Islam, who turned his back on show business in 1977 when he became a Muslim convert, took a helicopter flight over some of the most devastated areas.
He said he had decided to briefly step back into the spotlight - recording a charity record titled Indian Ocean, and headlining a benefit concert in Jakarta on Monday - because of the scale of the calamity.
"When we heard, when we saw what had happened we were also moved and because I already run some charities looking after orphans we decided to come to Aceh as soon as possible," he said on arrival at Banda Aceh airport on Saturday.
Fantastic relief efforts
Islam praised "fantastic" relief efforts, but said more was needed to be done in the devoutly Muslim province, home to most of the 230,000 Indonesians presumed dead after the 26 December earthquake and tsunamis.
"It also needs to be continued so we just don't give [charity to] them in a flash for one month and then it's gone. This is going to be a long-term problem," he said.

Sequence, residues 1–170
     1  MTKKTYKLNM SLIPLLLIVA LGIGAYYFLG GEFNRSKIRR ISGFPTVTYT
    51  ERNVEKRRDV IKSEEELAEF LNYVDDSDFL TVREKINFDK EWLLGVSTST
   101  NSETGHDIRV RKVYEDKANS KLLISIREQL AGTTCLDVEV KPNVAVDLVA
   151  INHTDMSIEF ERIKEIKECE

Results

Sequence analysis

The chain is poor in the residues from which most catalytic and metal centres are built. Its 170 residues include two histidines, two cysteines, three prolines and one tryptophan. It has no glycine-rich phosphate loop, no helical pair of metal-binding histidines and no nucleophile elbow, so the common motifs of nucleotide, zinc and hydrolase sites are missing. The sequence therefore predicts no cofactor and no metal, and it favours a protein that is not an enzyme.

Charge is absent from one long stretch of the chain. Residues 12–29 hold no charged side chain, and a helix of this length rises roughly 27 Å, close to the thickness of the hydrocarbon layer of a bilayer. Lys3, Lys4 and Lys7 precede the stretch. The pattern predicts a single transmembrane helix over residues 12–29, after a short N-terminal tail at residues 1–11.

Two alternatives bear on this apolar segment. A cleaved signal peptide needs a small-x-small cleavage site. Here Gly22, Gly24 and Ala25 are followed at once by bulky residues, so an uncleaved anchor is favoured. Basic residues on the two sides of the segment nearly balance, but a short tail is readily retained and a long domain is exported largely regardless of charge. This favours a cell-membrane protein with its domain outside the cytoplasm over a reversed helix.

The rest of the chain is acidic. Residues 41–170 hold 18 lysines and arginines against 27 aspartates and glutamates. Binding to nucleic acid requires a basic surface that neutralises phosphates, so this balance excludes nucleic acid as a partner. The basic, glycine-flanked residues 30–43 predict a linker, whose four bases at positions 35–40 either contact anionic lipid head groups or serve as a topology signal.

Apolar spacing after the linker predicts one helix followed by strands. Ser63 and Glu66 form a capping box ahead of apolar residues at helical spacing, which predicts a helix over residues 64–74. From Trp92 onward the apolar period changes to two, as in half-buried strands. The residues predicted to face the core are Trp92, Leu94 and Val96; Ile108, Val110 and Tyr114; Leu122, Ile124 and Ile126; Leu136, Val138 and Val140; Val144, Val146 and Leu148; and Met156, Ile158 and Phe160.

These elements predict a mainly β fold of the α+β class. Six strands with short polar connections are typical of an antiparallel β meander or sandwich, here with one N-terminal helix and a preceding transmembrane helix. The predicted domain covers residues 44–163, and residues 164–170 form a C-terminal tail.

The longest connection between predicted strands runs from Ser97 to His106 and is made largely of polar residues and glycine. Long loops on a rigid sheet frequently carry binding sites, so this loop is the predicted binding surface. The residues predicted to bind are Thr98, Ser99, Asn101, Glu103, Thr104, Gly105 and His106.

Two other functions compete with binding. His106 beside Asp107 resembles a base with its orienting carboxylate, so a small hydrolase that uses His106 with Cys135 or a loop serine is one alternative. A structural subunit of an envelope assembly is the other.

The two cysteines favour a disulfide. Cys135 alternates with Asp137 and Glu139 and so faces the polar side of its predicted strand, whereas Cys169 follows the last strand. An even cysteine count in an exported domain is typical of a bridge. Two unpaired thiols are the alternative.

Aceh was the worst hit by the
He said his presence in Indonesia would help draw attention to aid requirements and ensure help was sustained "as long as needed".
His helicopter touched down later on Saturday at Lam No, a town on the west coast of Indonesia's northern Sumatra island, 44km south of Banda Aceh.
Islam touched the heads of children who lined up with their mothers at a camp for the displaced to receive 50,000-rupiah ($5) bank notes from him.
"Have you seen anything like this in your country?" some of the children asked him. "No, not in Britain," Islam told them. "But the tsunami can happen anywhere."
The British singer said his Small Kindness charity was setting up a regional office in Indonesia and would work on projects "to keep families together" by helping children who had lost their parents in Aceh.
"We try to find other family members who would look after the orphans and then keep the family together in that way and then pay them subsistence every month," he said.
The charity, which works closely with the UN, has distributed nearly four million euros to needy families and for rehabilitation work in Iraq and the Balkans over the past five years, said his wife Fawzia Islam.